Mild chronic hypertension in pregnancy: To treat or not to treat?
Dr Lockwood, Editor-in-Chief, is Dean of the Morsani College of Medicine and Senior Vice President of USF Health, University of South Florida, Tampa.
Chronic hypertension in pregnant women continues to increase in the United States, most likely because of delayed childbearing and the obesity epidemic. Twenty years ago chronic hypertension complicated less than 1% of gestations. In the period 2007–2008 this rate grew to 1.5%, with the rate accelerating after 2001.1 Pregnancy outcomes of such pregnancies are, of course, concerning.
A recent secondary analysis of 759 women with chronic hypertension diagnosed before 20 weeks’ gestation and enrolled in the NICHD Maternal-Fetal Medicine Units Network’s high-risk aspirin preeclampsia prevention trial suggests just how concerning.2 The authors divided these women into 3 categories based on pre-enrollment blood pressures: < 140/90, 140–150/90-99, and 151–159/100–109 mmHg.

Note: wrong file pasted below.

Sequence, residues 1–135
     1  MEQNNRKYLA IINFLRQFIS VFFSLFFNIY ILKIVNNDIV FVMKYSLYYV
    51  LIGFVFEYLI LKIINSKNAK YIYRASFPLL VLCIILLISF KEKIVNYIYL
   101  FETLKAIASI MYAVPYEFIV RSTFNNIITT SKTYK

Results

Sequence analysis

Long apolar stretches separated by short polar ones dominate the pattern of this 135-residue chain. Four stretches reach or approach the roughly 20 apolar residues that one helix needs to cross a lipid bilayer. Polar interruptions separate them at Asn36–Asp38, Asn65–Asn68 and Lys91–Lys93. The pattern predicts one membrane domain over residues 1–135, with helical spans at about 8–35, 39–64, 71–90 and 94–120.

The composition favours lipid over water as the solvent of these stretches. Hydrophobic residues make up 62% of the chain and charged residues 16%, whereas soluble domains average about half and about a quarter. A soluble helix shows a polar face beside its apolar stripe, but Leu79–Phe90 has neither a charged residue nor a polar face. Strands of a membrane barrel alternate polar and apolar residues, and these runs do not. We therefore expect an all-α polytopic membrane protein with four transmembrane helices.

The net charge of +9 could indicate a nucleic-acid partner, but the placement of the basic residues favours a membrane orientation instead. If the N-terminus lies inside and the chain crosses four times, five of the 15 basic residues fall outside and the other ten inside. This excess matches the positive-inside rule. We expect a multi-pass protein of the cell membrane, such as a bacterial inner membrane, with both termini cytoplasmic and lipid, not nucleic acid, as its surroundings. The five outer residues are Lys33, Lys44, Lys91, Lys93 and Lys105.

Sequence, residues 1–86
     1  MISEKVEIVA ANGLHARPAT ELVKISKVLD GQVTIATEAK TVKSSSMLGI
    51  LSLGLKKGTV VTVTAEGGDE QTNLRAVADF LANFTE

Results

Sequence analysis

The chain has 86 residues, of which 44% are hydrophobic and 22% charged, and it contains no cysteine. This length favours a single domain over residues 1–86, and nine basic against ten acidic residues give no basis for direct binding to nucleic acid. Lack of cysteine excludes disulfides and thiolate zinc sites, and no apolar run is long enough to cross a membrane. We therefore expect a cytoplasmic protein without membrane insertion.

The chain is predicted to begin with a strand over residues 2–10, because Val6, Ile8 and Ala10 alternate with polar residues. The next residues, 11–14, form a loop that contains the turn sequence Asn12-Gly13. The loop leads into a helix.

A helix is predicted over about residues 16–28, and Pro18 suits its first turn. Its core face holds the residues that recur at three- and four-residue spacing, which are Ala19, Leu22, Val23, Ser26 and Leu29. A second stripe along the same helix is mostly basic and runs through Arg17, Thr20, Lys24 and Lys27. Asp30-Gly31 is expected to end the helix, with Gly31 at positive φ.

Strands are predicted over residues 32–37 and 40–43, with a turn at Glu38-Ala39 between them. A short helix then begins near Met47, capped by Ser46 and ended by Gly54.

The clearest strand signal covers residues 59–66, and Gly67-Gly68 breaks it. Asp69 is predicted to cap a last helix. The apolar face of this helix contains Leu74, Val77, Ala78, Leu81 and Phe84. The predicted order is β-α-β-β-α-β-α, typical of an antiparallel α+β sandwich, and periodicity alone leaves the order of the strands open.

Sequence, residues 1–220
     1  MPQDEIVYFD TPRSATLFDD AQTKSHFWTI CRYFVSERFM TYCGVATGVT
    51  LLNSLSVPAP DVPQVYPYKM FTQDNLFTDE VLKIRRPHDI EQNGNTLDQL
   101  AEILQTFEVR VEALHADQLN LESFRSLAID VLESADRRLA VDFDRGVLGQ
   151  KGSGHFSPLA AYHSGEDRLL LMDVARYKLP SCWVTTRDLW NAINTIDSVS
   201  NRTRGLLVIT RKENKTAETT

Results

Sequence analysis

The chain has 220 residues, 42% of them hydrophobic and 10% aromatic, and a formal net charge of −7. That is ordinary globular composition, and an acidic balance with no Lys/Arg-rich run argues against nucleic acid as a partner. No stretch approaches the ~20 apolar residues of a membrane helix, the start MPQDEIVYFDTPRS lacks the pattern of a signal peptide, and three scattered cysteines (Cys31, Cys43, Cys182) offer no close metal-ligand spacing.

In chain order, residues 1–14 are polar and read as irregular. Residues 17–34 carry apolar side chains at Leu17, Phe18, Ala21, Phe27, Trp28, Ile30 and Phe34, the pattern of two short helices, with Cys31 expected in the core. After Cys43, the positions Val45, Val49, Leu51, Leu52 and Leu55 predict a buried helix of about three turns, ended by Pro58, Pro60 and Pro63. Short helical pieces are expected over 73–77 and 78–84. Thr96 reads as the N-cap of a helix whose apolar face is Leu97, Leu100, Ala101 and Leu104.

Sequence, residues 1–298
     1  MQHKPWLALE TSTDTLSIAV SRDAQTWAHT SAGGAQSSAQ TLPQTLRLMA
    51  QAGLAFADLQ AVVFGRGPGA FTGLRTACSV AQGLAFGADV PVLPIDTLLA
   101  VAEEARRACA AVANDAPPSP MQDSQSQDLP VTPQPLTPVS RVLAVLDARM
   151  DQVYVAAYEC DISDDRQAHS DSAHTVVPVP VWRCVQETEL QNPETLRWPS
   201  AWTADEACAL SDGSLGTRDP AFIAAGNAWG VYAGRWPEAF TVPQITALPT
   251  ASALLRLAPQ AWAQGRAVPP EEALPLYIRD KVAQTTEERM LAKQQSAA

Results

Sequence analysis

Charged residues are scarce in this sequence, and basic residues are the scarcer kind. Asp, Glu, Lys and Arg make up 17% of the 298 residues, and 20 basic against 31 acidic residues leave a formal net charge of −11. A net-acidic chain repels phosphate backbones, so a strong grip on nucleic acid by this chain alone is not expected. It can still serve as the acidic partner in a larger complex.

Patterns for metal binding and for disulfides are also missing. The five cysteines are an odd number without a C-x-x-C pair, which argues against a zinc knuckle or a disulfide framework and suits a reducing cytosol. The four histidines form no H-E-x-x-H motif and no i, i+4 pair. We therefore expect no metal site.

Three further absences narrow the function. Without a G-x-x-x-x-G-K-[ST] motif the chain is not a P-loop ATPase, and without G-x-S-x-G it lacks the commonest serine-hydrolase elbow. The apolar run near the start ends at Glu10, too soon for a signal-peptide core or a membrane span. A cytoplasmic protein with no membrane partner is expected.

The primary composite outcome, which included perinatal death, severe preeclampsia, placental abruption, and indicated preterm birth < 35 weeks, occurred in 10.7%, 19.0%, and 30% of these women, respectively. The occurrence of small-for-gestational-age (SGA) infants also increased in each category: 8.8%, 12.3%, and 23.7%, respectively, as did superimposed preeclampsia (21.1%, 29.9%, and 41.7%) and perinatal death (3.1%, 7.2%, and 10.0%).
Interestingly, in this study significantly more women whose initial blood pressures were < 140/90 mmHg at enrollment had started antihypertensive therapy before pregnancy than those in the 140–150/90–99 and 151–159/100–109 mmHg pre-enrollment blood pressure categories (72.6% vs 55.2% and 48.3%, respectively, P < 0.001). These findings led the authors to speculate that better control of blood pressure among pregnant patients with mild chronic hypertension could improve outcomes.